M&A globally dropped 6.9% in 2019 from the exceptional 2018 records, bringing the total deal value to USD 3.33 trillion. European M&A, which was hampered by heightened geopolitical and economic uncertainty, trade wars, and slow global growth, drove down the deal value to EUR 698.84 billion across the year, which represents a 21.9% fall, compared to the 2018 figures. Despite this drop in Europe, M&A actually did very well in the Benelux: 837 transactions worth EUR 55.2 billion, representing an 18.3% increase in deal value, compared to the value achieved in 2018 (source: Merger Market). M&A transaction value in Belgium in particular increased by 11% from 2018. With various legal reforms enacted last year, its geographic location, and the continued lack of certainty surrounding Brexit, it can be said that Belgium has seemingly become an increasingly attractive investment destination.

Aside from these 2019 M&A figures, we will discuss in this Strelia M&A Series the trends from last year and those that will likely continue throughout 2020.

Deals getting bigger

Investors had low interest rates and appealing debt financing options at their disposal last year, which gave rise to an increase in the average size deal (from US$353 million in 2018 to US$389 million in 2019). Some major notable deals are Bristol-Myers Squibb Company’s takeover of Celgene Corporation (in the USA) and Fiat Chrysler Automobiles’ merger with Peugeot (in Europe), which created the world’s fourth largest carmaker. There were noteworthy transactions on the Belgian front too, with Belgium’s AB InBev sale of its Australian subsidiary, Carlton & United Breweries, to Japan’s Asahi Group (for EUR 11 billion) and AB InBev’s minority listing of its Asia Pacific business on the Hong Kong Stock Exchange (EUR 4.5 billion).

This year, we will have our eyes on the following anticipated deals in Belgium: Fenix Holding’s takeover of retail chain E5 Mode; entertainment group, Studio 100, search for a 4th shareholder and the potential sale by Belgian investment company, Cobepa of its stake in US based bakery Pain Quotidien, 2020 promises to become an interesting year.

Fewer IPOs

Globally, the number of IPOs reduced by 20% compared to 2018, and the amount of money raised was 8% lower compared to 2018. Geopolitical tensions, protectionism, trade wars, the Brexit saga, and upheaval in Hong Kong have been blamed as being the “culprits”. This climate can be seen affecting Euronext Brussels also, with Sequana Medical being the only company to have successfully completed an IPO last year, albeit at the bottom of the indicative per share price range, with a total of EUR 27.5 million raised from existing shareholders. With EUR 2.5 billion raised at Euronext Brussels in 2019, capital operations — all of them being in real estate and biotech — did slightly better. This year, Euronext Brussels might get two newcomers: digital document manager Unified Post has announced that it wants to raise EUR 1 billion through an IPO on Euronext Brussels, and financial market infrastructure provider Euroclear is looking into various scenarios, such as an IPO.

Shareholder activism on the rise

A total of 518 companies were targeted by shareholder activists last year. Elliot Management and Icahn Associates have been reported as top activists in terms of stake value, with targets being AT&T, CVS Health, and Bristol-Myers Squibb Company. As seen in 2018, shareholder activists have also targeted companies in Europe. For example, in Belgium in 2018, hedge fund Lucerne went to court to have investigation into the corporate governance at Telenet and the relationship with its shareholder Liberty Global ordered. In 2019, Luxembourg investment fund Active Ownership (a 13.42 % shareholder) was the driving force behind Agfa’s envisaged selling of its profitable IT healthcare division to Italian software company Dedalus. Belgian-based mining and metals company Nyrstar was confronted in 2019 with minority shareholders who brought legal proceedings because they oppose the deal with Swiss petroleum company Trafigura Group. With the new Code on Corporate Governance in force since 1 January 2020 imposing new, more demanding governance and transparency obligations on listed companies, including duties regarding related party transactions, listed companies are certainly bracing for a threat of shareholder activism this year.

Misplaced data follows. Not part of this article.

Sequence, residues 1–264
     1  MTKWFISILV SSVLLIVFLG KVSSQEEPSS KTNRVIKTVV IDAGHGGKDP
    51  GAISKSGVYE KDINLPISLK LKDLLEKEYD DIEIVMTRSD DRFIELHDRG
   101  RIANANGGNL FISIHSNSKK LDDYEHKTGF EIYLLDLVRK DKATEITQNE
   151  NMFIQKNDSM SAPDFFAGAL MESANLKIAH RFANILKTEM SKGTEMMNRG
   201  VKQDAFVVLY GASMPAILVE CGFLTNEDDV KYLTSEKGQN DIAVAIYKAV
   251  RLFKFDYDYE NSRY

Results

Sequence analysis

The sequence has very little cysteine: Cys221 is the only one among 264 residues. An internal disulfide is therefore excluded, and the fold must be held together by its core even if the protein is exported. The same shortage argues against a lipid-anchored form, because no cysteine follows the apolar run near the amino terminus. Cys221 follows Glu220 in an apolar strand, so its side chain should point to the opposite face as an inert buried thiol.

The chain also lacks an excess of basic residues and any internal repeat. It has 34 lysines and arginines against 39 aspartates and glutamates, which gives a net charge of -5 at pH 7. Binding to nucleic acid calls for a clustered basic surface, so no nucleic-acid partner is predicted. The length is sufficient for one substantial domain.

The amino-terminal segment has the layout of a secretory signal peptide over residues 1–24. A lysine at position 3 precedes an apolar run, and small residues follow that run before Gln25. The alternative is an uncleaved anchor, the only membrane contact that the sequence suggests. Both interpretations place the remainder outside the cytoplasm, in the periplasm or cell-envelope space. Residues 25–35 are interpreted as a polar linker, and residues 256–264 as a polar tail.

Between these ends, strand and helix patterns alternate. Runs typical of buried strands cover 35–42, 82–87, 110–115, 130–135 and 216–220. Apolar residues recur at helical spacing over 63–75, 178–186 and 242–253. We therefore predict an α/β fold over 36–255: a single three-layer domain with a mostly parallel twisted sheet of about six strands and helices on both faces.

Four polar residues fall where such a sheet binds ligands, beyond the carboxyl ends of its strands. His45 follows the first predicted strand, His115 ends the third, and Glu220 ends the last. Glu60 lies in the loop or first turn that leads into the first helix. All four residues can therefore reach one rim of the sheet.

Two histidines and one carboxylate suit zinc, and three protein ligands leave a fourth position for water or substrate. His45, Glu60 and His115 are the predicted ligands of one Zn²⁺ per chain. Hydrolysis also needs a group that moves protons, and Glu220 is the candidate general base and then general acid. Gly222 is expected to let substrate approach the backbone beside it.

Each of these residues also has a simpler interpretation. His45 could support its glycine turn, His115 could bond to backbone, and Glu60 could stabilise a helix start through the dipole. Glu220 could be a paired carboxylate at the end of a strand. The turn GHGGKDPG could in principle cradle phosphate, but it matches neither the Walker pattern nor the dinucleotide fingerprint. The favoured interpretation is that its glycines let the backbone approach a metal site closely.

Numerous regulatory reforms

Many legal reforms occurred in 2019: the new company law code known as the Code of Companies and Associations with mandatory provisions applying to all companies as from 1 January 2020; a new Code of Corporate Governance increasing demands for board diversity and director independence as from 1 January 2020; the creation of an ultimate beneficial owners registry; creation of Costa, a database for companies’ articles of association; the adoption of a foreign investment tool allowing the Flemish Government to protect strategic investment in Flanders; and a new prospectus regulation and prospectus law.

This year, we will be seeing the following legal developments too: the implementation of the second EU Shareholders’ Rights Directive; the reform of the property law rules in the Belgian Civil Code; the implementation and/or entry into force of the bulk of the clean energy package; social elections in companies to take place; and the entry into force of phase II of the corporate income tax reform. All these will certainly impact M&A activity and will require deal makers and companies to rapidly adapt themselves to an ever-changing regulatory environment.